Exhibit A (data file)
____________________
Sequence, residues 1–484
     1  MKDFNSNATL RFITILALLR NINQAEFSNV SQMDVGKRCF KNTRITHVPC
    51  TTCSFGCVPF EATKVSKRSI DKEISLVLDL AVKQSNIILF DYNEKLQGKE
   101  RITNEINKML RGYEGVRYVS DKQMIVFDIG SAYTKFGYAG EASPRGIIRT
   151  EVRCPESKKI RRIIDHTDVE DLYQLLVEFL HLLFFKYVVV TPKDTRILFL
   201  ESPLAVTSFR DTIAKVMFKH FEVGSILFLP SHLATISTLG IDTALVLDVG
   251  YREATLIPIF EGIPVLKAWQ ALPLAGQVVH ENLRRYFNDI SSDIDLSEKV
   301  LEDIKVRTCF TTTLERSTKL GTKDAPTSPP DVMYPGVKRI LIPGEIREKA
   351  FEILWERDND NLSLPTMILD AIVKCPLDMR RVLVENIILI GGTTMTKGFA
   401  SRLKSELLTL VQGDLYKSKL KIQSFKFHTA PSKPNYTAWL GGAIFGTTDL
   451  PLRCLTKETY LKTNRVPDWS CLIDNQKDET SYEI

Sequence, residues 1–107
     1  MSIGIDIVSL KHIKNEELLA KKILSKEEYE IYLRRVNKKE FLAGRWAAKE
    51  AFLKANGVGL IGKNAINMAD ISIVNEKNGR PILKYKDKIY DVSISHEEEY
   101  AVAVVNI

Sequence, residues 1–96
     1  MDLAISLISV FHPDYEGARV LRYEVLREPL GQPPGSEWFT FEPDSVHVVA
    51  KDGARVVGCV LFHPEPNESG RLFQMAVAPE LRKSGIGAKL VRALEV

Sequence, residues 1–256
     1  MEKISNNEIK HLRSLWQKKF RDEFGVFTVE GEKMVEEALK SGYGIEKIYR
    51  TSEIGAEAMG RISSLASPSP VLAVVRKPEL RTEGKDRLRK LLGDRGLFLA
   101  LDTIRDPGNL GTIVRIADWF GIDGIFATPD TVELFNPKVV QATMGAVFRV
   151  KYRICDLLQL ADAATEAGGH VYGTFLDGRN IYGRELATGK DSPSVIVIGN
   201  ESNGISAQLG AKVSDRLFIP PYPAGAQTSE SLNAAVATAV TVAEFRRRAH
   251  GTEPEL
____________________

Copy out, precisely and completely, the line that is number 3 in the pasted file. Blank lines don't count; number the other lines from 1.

    51  TTCSFGCVPF EATKVSKRSI DKEISLVLDL AVKQSNIILF DYNEKLQGKE